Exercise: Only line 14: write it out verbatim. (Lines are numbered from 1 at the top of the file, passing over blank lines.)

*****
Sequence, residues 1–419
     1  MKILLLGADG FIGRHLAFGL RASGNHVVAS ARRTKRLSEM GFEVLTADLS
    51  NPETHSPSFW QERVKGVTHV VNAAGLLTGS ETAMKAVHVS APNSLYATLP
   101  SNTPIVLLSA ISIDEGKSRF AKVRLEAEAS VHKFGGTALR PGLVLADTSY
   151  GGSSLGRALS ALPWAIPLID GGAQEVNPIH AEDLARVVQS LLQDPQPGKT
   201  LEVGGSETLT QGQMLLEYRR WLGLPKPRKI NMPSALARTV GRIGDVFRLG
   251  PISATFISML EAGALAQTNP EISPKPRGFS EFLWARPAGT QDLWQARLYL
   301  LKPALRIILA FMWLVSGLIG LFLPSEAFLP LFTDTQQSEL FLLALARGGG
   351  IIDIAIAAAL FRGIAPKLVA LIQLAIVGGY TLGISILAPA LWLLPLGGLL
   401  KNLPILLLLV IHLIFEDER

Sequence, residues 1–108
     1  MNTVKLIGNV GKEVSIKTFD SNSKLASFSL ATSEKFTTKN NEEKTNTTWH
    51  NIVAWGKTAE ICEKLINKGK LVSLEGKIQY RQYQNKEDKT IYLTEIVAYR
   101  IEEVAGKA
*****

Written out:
   101  IEEVAGKA